You may assume airlines are just as liable for mistakes and injuries as any transportation company. The truth is actually quite a bit more complicated.
Airline liability is determined by the Warsaw Convention, which ideally prevents a single disaster from ruining an airline. If an airline could be held liable for all of the damages no matter what the cause, one accident or security failure could bankrupt the company or perhaps even the industry.
The Convention has gone through a variety of changes since its introduction in 1929. At present, it limits damages on airlines to $75,000, regardless of injuries.
As people who have spent time in a hospital can attest, $75,000 doesn’t go very far with any substantial medical bills. Back or neck injuries, for example, can lead to a lifetime of expensive medical care.
In addition, while most companies and individuals can be held accountable if they ruin your property, the rules are a little different for airlines.
The Convention limits airline liability to $1500 for lost or ruined luggage. A couple of expensive suits or a piece of fine jewelry would pass that liability level instantly.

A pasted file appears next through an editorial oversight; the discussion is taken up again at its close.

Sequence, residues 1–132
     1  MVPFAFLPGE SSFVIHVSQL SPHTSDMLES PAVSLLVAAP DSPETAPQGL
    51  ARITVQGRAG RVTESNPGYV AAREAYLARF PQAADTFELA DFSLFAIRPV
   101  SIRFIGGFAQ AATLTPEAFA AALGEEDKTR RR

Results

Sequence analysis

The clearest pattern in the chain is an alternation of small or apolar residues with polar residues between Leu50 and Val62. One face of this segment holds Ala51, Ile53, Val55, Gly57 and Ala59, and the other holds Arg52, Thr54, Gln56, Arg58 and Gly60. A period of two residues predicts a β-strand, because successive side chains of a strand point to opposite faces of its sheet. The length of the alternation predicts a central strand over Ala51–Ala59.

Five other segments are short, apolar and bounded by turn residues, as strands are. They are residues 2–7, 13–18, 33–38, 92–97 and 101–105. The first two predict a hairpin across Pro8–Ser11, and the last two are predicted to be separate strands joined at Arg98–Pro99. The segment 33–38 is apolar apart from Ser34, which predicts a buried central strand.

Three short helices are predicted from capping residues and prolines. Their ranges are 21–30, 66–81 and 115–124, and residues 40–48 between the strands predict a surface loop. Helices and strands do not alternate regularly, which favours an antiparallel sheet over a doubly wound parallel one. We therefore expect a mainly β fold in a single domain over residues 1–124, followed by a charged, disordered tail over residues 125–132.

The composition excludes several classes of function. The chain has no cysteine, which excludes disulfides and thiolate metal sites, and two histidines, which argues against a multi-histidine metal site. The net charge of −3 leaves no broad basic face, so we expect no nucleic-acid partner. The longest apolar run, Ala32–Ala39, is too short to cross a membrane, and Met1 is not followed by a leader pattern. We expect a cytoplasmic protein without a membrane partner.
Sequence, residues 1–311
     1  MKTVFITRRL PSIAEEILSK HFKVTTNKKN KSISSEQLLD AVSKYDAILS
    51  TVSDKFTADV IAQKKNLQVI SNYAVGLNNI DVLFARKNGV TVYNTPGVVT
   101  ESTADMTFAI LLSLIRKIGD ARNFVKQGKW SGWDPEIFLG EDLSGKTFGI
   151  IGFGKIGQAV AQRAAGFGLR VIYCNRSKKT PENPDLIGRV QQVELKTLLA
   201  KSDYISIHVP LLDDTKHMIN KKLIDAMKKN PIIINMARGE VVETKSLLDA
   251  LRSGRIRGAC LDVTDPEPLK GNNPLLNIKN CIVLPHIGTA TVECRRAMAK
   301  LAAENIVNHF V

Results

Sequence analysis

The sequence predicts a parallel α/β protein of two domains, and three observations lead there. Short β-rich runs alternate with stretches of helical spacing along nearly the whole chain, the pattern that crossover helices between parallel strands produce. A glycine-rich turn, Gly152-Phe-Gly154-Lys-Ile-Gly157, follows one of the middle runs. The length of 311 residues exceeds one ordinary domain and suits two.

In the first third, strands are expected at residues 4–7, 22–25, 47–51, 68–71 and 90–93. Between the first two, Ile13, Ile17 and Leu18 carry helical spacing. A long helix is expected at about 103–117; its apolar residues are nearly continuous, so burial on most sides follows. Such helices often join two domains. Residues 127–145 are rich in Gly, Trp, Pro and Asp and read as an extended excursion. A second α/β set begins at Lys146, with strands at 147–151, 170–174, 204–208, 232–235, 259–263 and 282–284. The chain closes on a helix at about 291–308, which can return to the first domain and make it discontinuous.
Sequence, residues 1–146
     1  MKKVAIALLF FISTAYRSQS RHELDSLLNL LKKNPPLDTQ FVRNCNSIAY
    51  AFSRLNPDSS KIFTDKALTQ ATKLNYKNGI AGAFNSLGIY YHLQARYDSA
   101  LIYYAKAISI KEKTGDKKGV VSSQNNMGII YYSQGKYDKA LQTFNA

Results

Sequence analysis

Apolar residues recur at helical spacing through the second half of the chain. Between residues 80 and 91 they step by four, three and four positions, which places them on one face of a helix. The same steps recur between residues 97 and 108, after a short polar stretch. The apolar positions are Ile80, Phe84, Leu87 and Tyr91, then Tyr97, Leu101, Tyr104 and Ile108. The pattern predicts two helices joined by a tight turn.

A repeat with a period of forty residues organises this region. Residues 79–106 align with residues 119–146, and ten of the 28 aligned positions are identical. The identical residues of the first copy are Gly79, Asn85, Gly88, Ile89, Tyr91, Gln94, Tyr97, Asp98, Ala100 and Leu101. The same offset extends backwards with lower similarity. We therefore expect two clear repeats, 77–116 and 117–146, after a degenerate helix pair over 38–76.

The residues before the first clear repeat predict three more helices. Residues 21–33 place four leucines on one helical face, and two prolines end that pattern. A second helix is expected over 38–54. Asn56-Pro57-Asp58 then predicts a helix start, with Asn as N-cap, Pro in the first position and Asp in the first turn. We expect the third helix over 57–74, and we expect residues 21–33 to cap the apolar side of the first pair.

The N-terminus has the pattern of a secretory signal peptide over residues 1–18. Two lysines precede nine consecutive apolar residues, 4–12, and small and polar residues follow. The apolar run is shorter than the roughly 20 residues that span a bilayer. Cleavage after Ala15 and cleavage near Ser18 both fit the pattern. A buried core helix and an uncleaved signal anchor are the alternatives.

So what can you do to protect yourself in the case of an emergency or to make sure you recover money for lost personal items?
Separate insurance. True, travel is already expensive; but the expectation is that you’ll get separate travel insurance to cover medical expenses and lost luggage.
If you travel often, you may want to purchase annual travel insurance that covers flight emergencies, lost luggage, travel assistance for canceled flights, and other benefits. If you travel rarely, short-term travel insurance is relatively cheap, at only a few dollars a day in some cases.
Since our firm includes Memphis bankruptcy attorneys and personal injury lawyers, we know how to handle both travel-related injuries and overwhelming medical debt. If you have any questions about an injury or resulting bills you can’t pay, we’re glad to help. Contact us today to discuss your situation for free.
(Photo by Jasper Greek Lao Golangco)